The Medieval Period
1. The collapse of the Roman Empire lead to abandon cities, a breakdown in trade, and a decline in literacy. With all of the uncertainty and gloom, religion would step out of the shadows and shine its light on crowds of people. Charlemagne, the Holy Roman Emperor, as he assumed himself to be; did quite a bit of work to bring the Catholic Church back up to their feet after the fall of the Roman empire. During his reign he emphasized the importance of worship, music and education in the church. These reforms would shape Western Catholicism into what we see today in a modern Catholic Church.
2. The Franks controlled a strong and mighty kingdom in Europe, its leader being Clovis; the first Christian king. Soon enough, Charlemagne would inherit this Frankish kingdom, after the death of his father, Pepin. Pepin was the protector of Rome and the Church and was recognized as king by the pope. When Charlemagne took over, he showcased his unwavering pursuit to strengthen his rule and spread Christianity. He established a central government over Western Europe and unified the Roman Empire. These acts paved the way for the development of modern Europe. Charlemagne bundled spreading Christianity with also tying in the importance of education, this can be seen as a positive. Everyone knows that with every positive comes at least one negative. The problem arose with the use of the feudal system, under Charlemagne’s rule. This created a major problem between church and state.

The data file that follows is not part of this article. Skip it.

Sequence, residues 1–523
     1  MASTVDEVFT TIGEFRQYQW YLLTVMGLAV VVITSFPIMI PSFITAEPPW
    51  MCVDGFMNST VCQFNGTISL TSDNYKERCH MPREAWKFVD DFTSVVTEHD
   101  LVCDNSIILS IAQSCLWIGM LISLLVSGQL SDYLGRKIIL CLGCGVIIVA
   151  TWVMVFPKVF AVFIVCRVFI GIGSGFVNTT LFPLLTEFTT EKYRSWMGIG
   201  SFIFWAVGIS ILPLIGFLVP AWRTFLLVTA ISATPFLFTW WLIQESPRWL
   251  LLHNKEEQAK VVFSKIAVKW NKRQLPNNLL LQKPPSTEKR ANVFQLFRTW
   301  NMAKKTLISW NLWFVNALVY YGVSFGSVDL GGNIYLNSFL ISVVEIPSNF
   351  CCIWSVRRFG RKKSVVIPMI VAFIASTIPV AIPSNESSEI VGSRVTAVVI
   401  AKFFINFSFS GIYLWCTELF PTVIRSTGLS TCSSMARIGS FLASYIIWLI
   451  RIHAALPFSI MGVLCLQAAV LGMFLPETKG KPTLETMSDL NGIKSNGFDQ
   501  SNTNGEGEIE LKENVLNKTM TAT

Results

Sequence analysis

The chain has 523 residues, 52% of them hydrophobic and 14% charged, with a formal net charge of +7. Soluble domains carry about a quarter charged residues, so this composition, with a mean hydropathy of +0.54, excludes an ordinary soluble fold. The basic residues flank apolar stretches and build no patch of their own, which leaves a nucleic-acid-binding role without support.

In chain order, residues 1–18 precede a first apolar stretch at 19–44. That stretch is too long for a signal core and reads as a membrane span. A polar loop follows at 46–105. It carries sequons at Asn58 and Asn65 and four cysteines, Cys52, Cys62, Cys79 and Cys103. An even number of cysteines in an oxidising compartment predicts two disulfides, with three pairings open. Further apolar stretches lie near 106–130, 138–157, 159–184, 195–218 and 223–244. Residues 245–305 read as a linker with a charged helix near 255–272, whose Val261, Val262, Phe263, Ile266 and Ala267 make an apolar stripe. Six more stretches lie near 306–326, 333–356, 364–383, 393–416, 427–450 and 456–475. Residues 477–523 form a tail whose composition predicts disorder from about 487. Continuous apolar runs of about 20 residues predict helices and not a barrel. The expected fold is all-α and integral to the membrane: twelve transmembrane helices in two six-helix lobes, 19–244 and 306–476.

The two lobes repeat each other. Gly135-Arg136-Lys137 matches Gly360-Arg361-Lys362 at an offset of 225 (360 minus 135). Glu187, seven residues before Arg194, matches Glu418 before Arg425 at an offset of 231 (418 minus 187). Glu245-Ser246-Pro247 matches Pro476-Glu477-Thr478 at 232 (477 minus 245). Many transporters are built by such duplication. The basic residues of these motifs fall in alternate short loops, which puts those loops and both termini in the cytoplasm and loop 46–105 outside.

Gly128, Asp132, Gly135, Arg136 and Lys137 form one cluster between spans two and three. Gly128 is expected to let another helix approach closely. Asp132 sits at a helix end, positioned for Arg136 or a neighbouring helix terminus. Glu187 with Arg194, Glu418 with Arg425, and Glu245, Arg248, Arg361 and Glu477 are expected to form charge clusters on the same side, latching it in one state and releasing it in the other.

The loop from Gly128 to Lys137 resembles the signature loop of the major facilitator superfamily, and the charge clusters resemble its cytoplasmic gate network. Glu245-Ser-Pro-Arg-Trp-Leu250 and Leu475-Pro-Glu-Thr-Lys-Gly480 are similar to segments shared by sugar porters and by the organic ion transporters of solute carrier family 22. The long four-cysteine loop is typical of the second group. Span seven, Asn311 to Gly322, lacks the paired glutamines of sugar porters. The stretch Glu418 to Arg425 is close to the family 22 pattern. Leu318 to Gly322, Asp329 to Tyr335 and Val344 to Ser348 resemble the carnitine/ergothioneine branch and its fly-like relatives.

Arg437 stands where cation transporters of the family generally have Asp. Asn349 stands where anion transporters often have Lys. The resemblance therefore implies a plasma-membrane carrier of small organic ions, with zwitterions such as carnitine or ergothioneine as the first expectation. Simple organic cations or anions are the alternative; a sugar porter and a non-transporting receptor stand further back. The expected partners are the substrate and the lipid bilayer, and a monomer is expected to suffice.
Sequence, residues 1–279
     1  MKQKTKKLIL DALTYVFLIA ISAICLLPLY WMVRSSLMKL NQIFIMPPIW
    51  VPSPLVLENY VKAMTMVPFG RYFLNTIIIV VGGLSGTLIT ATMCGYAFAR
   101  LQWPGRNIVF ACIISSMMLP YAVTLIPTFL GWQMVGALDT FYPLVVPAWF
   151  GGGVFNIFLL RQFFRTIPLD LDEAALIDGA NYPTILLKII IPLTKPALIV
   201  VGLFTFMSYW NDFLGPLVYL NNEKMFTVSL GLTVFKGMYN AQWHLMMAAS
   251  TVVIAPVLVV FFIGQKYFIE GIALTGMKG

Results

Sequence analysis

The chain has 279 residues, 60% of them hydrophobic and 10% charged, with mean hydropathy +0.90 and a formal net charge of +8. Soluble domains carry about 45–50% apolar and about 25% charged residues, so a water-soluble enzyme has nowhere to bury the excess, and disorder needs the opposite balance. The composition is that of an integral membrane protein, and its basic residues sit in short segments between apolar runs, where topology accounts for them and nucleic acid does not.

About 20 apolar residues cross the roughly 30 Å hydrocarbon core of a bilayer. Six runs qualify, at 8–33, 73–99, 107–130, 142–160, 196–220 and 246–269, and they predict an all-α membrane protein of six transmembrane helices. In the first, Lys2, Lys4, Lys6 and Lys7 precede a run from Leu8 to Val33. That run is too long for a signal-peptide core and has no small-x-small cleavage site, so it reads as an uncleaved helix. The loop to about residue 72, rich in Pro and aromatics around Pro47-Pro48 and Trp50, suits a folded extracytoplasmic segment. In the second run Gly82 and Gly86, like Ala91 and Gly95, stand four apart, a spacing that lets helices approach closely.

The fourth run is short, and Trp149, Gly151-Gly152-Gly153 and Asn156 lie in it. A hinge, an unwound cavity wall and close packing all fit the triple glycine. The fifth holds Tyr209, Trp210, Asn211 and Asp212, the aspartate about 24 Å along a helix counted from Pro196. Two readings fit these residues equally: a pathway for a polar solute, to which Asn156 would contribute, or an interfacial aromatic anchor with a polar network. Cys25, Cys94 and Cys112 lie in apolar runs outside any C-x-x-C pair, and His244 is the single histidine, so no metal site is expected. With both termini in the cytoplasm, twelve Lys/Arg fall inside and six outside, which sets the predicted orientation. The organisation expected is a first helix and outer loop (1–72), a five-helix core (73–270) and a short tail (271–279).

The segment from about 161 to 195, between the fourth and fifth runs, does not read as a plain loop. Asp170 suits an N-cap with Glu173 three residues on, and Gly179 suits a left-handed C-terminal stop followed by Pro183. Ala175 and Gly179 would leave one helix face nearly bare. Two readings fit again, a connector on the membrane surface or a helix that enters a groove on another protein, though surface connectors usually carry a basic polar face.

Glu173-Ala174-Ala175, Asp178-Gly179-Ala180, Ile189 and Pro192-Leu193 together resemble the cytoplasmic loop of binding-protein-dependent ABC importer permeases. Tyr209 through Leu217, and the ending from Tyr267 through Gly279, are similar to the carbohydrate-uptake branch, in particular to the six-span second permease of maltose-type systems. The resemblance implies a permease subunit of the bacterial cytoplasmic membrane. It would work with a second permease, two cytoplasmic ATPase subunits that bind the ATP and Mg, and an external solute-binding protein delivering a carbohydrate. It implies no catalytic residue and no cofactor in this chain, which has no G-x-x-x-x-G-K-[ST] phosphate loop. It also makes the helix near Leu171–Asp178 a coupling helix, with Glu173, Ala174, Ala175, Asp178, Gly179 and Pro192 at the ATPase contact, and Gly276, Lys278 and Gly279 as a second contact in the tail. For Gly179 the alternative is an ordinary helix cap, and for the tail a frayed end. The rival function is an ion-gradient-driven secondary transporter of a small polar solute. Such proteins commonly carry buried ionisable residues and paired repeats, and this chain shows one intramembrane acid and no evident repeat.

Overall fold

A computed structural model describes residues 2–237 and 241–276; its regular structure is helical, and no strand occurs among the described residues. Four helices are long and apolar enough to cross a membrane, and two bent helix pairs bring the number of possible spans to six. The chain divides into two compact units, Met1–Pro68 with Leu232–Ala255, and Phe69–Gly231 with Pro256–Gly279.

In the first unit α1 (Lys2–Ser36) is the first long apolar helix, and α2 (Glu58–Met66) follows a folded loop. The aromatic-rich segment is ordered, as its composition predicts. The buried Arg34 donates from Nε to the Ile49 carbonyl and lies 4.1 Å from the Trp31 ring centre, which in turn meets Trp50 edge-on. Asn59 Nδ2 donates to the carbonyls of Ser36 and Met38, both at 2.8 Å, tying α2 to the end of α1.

3. As previously discussed, Charlemagne had pretty big shoes to fill and great tasks to accomplish after the fall of the Western Roman Empire and the death of his father. During his rule he was a huge believer in spreading education, including arithmetic and grammar. He also prescribed to good works and knowledge; supporting his theory that you can’t carry out what is good, unless you know what is good. Charlemagne continued his spread of goodness throughout the Carolingian renaissance; resulting in an increase in writing, literature, architecture, and scriptural studies. All good things must come to an end; Charlemagne’s kingdom collapsed in 843. Of his three sons, not one of them could step up and stand where their father stood; they just fell into civil war. The treaty of Verdun and the treaty of Merson were confirmed by the pope and split the land into three kingdoms; Italy, Germany, and France.
4. Feudalism served as the economic system of much of the Middle Ages. There was certainly a hierarchy involved at this time; king, vassal, knight, serf. For example, a vassal lived on a feudal manor; the lord of the manor gave the vassal land to farm. Then, in return the vassal would receive protection from bandits. However, the vassals were taxed and had to surrender a portion of their crops to the lord. It is said that feudalism taught a sense of loyalty and obedience between the vassals and their lord. Each of the following social classes played an intricate role in the stabilization of society in this time period. The clergy had the purpose of saving everyone’s soul, also known as those who pray. Next were the nobles, their purpose was to protect and to provide justice, those who fight. Lastly, were the commoners, those who work; their purpose being to feed and clothe the clergy and the nobles.
5. In the twelfth century there were multiple factors that led to the revival of trade and the growth of towns. The first would be the increase pilgrimage within Europe. The rise of republican ruled cities would count as another factor. Geographically speaking, trade was made possible due to the use of rivers as a transport for the goods. Cities began to pop up, up and down the rivers to take advantage of the natural highway. And possibly the most important factor of them all; guild memberships. There were two types of guilds, a merchant guild and a craft guild. Guilds were thought of as an association